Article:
Gail the Witch Rides Again
I have actually read a Newbery Honor Book within two weeks of the award announcements. This is very cutting edge for me. Unfortunately, as usual, I wasn't quite as in love with the thing as everyone else.
Al Capone Does My Shirts by Gennifer Choldenko has a fantastic premise--it's a historical novel about children living on Alcatraz Island back in the day when it was a federal prison and not a national park as it is now. I had no idea families of prison employees lived there, and I think it's a wonderful idea for a novel. The children involved with Choldenko's Alcatraz story are excellent, realistic characters. I had great hopes for Piper, the warden's manipulative yet strangely attractive daughter.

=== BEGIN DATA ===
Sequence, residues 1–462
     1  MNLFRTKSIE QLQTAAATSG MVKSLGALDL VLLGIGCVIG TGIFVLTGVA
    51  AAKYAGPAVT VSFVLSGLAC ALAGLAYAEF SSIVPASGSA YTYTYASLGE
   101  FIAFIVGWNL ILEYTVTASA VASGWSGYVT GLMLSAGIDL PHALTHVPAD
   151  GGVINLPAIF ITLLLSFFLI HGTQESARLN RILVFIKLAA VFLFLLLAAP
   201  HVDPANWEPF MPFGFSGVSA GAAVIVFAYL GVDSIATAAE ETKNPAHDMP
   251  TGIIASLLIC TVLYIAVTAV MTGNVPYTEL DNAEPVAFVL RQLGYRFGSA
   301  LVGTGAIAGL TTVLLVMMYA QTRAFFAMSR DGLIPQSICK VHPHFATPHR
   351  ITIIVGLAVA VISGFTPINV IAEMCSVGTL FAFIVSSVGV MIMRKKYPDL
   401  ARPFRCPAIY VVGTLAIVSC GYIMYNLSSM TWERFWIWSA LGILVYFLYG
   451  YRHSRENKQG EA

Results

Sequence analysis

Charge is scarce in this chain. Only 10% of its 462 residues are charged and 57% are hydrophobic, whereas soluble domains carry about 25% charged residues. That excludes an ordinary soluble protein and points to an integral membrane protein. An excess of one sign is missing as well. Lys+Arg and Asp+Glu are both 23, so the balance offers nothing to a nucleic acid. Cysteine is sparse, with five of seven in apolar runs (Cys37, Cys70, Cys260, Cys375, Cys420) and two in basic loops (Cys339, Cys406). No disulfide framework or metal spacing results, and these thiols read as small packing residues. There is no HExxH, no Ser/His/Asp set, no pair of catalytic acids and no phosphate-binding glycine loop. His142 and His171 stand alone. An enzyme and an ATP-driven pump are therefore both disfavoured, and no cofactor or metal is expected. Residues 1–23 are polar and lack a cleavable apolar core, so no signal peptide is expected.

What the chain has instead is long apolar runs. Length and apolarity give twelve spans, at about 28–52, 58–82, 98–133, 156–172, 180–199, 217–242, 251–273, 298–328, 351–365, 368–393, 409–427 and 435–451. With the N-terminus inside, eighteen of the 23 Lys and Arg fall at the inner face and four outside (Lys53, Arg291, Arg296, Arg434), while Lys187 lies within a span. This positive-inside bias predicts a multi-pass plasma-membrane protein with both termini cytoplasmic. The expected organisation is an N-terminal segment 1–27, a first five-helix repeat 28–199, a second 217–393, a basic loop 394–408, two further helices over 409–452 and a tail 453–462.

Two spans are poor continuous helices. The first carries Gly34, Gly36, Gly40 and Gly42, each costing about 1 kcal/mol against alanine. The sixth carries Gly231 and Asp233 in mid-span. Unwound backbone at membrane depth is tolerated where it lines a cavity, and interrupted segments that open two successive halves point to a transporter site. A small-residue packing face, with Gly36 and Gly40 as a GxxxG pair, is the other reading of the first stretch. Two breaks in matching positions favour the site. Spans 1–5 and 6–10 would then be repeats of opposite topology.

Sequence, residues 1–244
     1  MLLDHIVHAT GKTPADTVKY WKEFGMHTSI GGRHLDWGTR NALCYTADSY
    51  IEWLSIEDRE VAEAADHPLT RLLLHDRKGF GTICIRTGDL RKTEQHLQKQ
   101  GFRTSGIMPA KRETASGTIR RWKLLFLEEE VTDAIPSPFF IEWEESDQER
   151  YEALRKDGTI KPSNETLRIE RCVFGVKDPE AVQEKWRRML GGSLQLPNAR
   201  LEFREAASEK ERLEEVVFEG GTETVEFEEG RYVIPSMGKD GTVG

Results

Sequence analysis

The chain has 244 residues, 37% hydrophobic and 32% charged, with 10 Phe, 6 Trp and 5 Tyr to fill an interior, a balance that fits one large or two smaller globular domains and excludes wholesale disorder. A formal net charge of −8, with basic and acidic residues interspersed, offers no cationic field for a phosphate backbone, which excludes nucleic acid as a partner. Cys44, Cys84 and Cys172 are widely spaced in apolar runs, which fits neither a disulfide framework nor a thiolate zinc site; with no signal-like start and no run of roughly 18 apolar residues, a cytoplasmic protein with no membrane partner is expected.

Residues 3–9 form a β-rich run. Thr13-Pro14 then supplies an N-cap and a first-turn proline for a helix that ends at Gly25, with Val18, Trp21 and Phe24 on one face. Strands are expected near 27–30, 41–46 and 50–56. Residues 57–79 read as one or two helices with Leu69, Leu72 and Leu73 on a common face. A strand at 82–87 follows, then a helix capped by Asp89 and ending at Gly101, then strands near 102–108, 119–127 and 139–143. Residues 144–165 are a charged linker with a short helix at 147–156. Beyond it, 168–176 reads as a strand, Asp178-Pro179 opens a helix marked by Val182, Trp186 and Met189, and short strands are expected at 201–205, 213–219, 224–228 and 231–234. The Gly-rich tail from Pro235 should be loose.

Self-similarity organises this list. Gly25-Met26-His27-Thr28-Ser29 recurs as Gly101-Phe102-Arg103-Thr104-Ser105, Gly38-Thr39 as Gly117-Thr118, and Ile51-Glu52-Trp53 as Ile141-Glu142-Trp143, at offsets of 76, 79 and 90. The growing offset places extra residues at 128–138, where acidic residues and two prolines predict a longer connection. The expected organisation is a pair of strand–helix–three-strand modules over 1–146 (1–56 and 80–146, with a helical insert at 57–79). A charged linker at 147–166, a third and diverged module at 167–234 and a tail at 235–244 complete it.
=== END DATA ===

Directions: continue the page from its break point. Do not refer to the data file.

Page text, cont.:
I wish I could have seen more of all these kids and heard more about their adventures on the island.
However, in addition to their story there is another story in this book. The main character, Moose, has an older sister, Natalie, who is autistic and we see how their family is seeking help for her back in the 1930s when there wasn't a lot of help to be had for people with her condition. This is actually a good story, too.
But when Moose and Natalie's story is on center stage, the Alcatraz story disappears. The stories are almost unrelated--though they are connected in a rather forced way at the end--because Natalie's story really had nothing to do with Alcatraz. Her story could have taken place anywhere.
I kept wishing that the author had written two books instead of one.
Once again, Gail appears to be the only person in the world who feels this way. This book was a Newbery Honor Book, remember, and all the reviews I've seen have been raves.
I hit the library again today and picked up another Newbery Honor Book I can bash later in the week.